Fr, 2.12.2022

Instead of a small bridge, the RMK built a € 200,000 monster in the national park

Margus Martin
, ajakirjanik
Instead of a small bridge, the RMK built a € 200,000 monster in the national park
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The river crossing with a giant pipe has been completed.
The river crossing with a giant pipe has been completed. Photo: Anneli Palo
  • Instead of a small bridge, a monster was built in the national park.
  • Nature will eventually adopt the foreign object, specialist assures.

Locals cannot comprehend why an overpass costing several hundred thousand euros and unsuitable for the environment in their opinion was built across the Lemmjõgi in the Soomaa National Park in Viljandi County in order to mow a small meadow, while the problem could have been solved with a less pompous structure.

Environmental analyst Indrek Vainu, who has been closely connected with Soomaa for many years due to his activities and considers himself a local in some sense, noted that if thousands of hectares are mowed annually in the national nature reserve, the current construction of a bridge to access the 12-hectare Mulgi meadow is surprising. Especially since the locals were not informed of the design of the bridge.

“When the crossing was discussed at the beginning, it was said that there would simply be a bridge for the tractor. It takes a few hours at most to mow this meadow once a year,” he said. “However, one day some kind of monster was parked there – they had submerged in the river a pipe suitable for the four-lane Tartu highway.”

According to Vainu, the previous small old wooden bridge was perfectly suited to nature. “One of the locals I spoke with said that moving around there now makes one feel as if driving into a sand quarry or a mine.”

Vainu said that what is happening is all the stranger because if the residents of Soomaa have difficulties even when applying for a permit to change the windows of a house, the construction of a bridge which looks like a foreign object was possible without any problems.

The bridge was built with future perspective

Priit Voolaid, a nature conservation specialist at the State Forest Management Center (RMK), said that the RMK decided (with the financial support of the European Union Cohesion Fund) to build a new bridge over the Lemmjõgi River, because the bridge with light metal structure which had been used so far had worn out and it was no longer safe to cross it with mowing equipment.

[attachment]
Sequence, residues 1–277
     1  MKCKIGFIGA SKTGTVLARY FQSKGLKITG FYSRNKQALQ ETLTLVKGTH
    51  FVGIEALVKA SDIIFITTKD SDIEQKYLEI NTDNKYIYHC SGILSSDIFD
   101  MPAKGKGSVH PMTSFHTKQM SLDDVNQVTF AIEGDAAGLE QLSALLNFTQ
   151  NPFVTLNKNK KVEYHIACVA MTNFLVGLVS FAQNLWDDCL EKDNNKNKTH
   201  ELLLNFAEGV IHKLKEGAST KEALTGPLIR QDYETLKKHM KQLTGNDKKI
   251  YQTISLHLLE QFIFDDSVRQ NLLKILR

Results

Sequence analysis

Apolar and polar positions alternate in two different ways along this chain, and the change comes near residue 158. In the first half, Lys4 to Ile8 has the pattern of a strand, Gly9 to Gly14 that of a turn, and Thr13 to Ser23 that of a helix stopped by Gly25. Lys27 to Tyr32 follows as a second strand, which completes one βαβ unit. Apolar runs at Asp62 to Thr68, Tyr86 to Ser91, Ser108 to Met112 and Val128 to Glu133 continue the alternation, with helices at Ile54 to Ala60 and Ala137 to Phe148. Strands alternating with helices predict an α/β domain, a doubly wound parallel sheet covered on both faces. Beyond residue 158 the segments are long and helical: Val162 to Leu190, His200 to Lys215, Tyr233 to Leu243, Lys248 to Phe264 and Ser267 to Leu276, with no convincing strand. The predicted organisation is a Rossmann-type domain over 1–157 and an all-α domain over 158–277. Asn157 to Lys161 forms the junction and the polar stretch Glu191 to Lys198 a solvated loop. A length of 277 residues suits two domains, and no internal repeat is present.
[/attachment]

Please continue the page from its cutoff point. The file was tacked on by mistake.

“The nearly 200,000 euros was not used only to build the new bridge over the Lemmjõgi, but also for reinforcing a 143-meter long section of the access route and building a culvert,” he explained. “This access section and the culvert are located on the bank of the Lemmjõgi, which can be accessed without crossing the bridge, but the previous access road was full of ruts and it was difficult to access the six hectares of semi-natural associations in addition to the 12 hectares mentioned.”

Voolaid added that an RMK rest area is also located near the new bridge, and the expansion of the bridge ramp will also improve parking conditions for the visitors' cars.

According to the official, during the construction of the bridge, the river has indeed been temporarily diverted slightly from the riverbed, but the flow would soon be returned to its former place. “The temporary river bed will be filled again and the floodplain vegetation will recover quickly,” Voolaid assured.

He also noted that on the other side of the river, where the new bridge leads, there are registered semi-natural associations on 30 hectares, of which 12 hectares are currently being maintained. “Associations which are out of maintenance require extensive restoration before they can be put into use, which also requires a more secure river crossing than before,” the specialist explained.

Nature will adopt the culvert – specialist

Gunnar Sein, head of the Environmental Board, who explained the background of culvert repairs and heritage meadows, explained that such meadows need to be regularly mown so that some of the most species-rich communities would survive; the hay must also be removed. “By the way, mowing is more important from the nature conservation viewpoint than for agricultural purpose. The farmers will be paid for mowing the meadows to keep them motivated to do the work needed to maintain biodiversity,” Sein said.

Dagmar Hoder, the hostess of the Nature School in Soomaa National Park, said that at the meeting of the Soomaa cooperation council in the middle of the month she had the impression that the Environmental Board was no longer certain whether the project was justified.

“One should always consider what is expedient and whether all the things will fit together with it. I can understand that someone who designs the solution is given input that the bridge must bear a certain weight and be of required width, but considering the protection of the environment, one must also seek for the least damage to the environment and the landscape in general. This solution is certainly far from that,” she said.

“It seems to me that no one in [RMK] asked whether there was a simpler solution. Couldn’t the 12 hectares there – for all I care even 30 hectares – be mowed in a different way? So far they have managed.”

Hoder also referred to one of the peculiarities of Soomaa, which is high water. “We are already wondering what will be left of it next spring, and how much of the sand piled up here will be washed away by the river during high water. This will also affect the environment,” she said. “Will this solution be the permanent one or will they have to carry more sand there every year.”

Hoder hoped that the officials would thoroughly analyze the affair of the Soomaa bridge construction. “It's too late [to change something], but they might think about how to prevent such things in the future,” she added.